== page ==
I was in the great room
When the roar began at the back
As if somewhere in the past
Exploded out of time
And they screamed and wailed
Like a million funerals
Became a billion new births
And He took the seat
“When they hurled their insults at him, he did not retaliate; when he suffered, he made no threats. Instead, he entrusted himself to him who judges justly. “He himself bore our sins” in his body on the cross, so that we might die to sins and live for righteousness; “by his wounds you have been healed.” For “you were like sheep going astray,” but now you have returned to the Shepherd and Overseer of your souls.” 1 Peter 2:23-25
Anyone else feeling discouraged but at the same time revived?
I listened to a sermon this morning that made me, well, angry. Not (as the pastor seemed to be directing) at those who are watering down the Gospel, or those who don’t take the Bible literally, or those who seek peace with other faiths and are willing to compromise, but more at my own faith in God. Is the Gospel message so watered down in me that I cannot stand up and love those around me, even if I disagree with them?
I feel like I am a true member of the church today – impassioned and enraged at moments, wagging a finger in judgment in other moments, retreating to my own Christian culture or to sin (often one and the same) when things get tough. Do I believe that Jesus did what Peter says, that “he entrusted him who judges justly” and that I too can turn to God for justice and guidance?
This last week the CSU system officially removed InterVarsity as a recognized campus club because they make their leaders sign a Statement of Faith. This act of signing a statement was determined to be discriminatory. The rationale is that anyone of any faith or creed or race or gender must be given equal opportunity to run any campus club, and the statement excludes rather than includes. And, though not stated, I am sure they think that if leaders are elected democratically in a club, the club will pick its leaders to match its own values. The signing of a statement doesn’t allow flexibility – it is discriminatory against anyone that doesn’t believe it. The decision seems only to affect faith-based clubs, though it is within itself not explicitly discriminatory.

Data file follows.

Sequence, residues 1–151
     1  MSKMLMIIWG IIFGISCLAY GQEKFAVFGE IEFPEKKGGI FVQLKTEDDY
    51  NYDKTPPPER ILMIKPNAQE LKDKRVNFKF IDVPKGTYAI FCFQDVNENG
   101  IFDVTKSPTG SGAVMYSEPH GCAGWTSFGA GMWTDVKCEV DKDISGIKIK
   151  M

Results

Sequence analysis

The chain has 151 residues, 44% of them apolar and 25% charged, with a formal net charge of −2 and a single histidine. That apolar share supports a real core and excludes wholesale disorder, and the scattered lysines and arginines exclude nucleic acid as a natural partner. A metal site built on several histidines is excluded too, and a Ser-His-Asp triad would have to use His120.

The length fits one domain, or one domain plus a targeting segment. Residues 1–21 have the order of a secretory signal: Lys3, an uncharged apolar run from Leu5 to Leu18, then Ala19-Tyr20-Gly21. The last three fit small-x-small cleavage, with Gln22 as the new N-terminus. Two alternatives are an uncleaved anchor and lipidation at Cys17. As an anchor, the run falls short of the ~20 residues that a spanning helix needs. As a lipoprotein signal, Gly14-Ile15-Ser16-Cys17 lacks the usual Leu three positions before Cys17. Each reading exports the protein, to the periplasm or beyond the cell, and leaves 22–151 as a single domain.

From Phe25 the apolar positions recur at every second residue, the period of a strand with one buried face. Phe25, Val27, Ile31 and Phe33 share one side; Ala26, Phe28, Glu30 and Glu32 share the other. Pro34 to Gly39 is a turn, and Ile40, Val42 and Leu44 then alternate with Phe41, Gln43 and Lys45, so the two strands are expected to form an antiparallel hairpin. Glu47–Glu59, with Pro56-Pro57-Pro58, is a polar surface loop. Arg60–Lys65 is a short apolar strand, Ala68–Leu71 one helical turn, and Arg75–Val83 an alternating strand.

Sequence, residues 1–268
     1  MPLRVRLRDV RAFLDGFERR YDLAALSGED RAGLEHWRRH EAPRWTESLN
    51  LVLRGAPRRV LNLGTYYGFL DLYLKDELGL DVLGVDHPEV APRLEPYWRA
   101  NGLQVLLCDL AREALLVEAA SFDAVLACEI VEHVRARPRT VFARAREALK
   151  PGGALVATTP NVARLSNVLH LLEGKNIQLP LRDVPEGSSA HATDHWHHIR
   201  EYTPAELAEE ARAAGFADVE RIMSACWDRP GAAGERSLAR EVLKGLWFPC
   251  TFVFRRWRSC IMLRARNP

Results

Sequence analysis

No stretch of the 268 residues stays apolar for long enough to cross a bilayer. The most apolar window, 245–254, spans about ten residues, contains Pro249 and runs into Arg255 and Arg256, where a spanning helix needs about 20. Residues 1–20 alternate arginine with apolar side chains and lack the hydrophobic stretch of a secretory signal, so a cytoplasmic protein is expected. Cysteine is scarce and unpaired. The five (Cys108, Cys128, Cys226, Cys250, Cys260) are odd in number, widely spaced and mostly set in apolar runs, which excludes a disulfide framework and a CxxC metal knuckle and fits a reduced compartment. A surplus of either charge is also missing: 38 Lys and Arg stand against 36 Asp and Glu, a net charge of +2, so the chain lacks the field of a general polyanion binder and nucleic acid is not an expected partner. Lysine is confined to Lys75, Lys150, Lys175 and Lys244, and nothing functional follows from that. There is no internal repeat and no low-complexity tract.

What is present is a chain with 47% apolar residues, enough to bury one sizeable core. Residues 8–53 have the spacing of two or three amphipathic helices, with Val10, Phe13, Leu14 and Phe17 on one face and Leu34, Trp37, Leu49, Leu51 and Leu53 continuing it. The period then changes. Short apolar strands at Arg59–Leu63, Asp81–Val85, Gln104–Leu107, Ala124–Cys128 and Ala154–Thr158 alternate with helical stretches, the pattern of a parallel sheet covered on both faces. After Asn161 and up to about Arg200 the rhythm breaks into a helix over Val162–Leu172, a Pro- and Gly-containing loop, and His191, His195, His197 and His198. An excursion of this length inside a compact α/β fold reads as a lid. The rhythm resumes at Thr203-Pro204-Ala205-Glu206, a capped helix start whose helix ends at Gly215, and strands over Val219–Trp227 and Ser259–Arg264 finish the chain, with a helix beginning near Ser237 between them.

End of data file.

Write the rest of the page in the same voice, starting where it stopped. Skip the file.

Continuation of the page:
I went through a whole series of emotions regarding this. How do I reconcile the ridiculousness of this decision with my faith in a way that conveys respect and steadfastness? Is it wrong to fear that this is only the first glimpse at a larger wave of changes coming faster than the changes in climate? I am left just wondering…God?
As I approach turning 35 years old next year (ah!), I have started to step back more and look at my own life. The question that keeps coming back is – why am I here? This isn’t where I want to be or where I thought I was going to be. So I decided to change that, to pursue a life more in-line with what I wanted and expected, following the movement of God in my life, using the talents I have been given, fighting the challenges I have received.
The first step to it was changing my hair style. It is ridiculous, I know, but it felt like something small, something I could change without many consequences. Then for a couple of weeks I grew out a beard, mostly because I was too busy to find the time to shave it all off. But I kept it. The beard felt like momentum, like a first step towards conquering mountains that God gave me victory over long ago. Alright, Lord, here I am and I am ready. What else?